Proof is in the Detail
This is how The Macquarie Dictionary defines proofreading: ‘to read (printers’ proofs, etc.) in order to detect and mark errors to be corrected’.
We all make mistakes, but rarely will they be more embarrassing than when they end up in professional communications.
But there’s much more to proofreading than just checking spelling and punctuation. Your word processing application’s spell checker is useful but it won’t catch everything (especially as its likely to be one produced in the US that might not recognise British/Australian spelling).
So in this issue of Business Sense we’re bringing you the top tips for proofreading your document whether it’s a manuscript, article, newsletter, advertisement, manual, or website.
Read your work over, and not just once. Make a list of the specific types of errors to look for like spelling, flow, punctuation and structure, and watch for them individually during each new read-through.
Read out loud
Speaking text has a different rhythm than writing or typing it. It’ll not only help you find the most elusive typos, it will warn you if the flow sounds off.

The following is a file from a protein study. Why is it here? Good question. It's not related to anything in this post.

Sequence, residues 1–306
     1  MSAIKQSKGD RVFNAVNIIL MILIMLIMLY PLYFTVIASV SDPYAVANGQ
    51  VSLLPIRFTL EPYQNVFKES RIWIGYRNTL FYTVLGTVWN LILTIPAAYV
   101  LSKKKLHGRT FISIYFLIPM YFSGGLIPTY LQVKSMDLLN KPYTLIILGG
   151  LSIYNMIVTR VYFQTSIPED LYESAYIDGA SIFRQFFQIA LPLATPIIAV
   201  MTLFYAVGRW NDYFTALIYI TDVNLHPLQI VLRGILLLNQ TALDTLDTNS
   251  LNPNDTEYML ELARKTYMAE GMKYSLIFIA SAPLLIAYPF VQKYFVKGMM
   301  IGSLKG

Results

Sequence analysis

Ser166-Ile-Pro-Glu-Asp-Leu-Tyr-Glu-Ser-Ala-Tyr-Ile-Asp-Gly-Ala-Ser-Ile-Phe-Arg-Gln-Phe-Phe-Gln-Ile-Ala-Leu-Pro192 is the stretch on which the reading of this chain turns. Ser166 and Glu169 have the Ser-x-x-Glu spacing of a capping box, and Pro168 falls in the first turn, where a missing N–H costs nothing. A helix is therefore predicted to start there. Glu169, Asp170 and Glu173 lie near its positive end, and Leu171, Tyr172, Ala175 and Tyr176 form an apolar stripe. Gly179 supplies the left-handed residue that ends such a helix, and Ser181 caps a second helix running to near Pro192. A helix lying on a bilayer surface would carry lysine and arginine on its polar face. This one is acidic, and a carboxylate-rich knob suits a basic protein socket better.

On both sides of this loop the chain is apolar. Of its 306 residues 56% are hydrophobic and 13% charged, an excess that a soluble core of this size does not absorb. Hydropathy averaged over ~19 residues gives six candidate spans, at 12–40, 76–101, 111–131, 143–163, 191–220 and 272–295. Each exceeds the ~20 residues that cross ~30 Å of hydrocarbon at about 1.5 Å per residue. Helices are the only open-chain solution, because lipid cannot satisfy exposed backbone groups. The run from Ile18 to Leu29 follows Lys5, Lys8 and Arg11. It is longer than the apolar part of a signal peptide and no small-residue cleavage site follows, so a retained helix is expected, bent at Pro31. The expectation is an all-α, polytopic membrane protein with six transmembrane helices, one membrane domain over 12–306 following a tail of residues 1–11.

Yes, you read that right. Literally read every word from the end back to the beginning. It will force you to concentrate on every individual word rather than be swept up in the narrative, so you’ll catch more.
Print it out
Just like writing and speaking are different, so too are reading on paper versus a screen. Having a hard copy connects you to the text and makes you engage with it more deeply, and you’ll spot more errors.
There are many more professional tips to proofread work but often the most effective one is simply to ask someone else to read it. A fresh pair of eyes has no preconceptions about mistakes because without even realising it you might already have read them a few times and unconsciously internalised them.
Your most essential tool might be your reference materials. M.B. Secretarial Services uses The Macquarie Dictionary and Style Manual for Authors, Editors and Printers – one we can thoroughly recommend.
Can you spot the error in this article? Drop me a line if you can!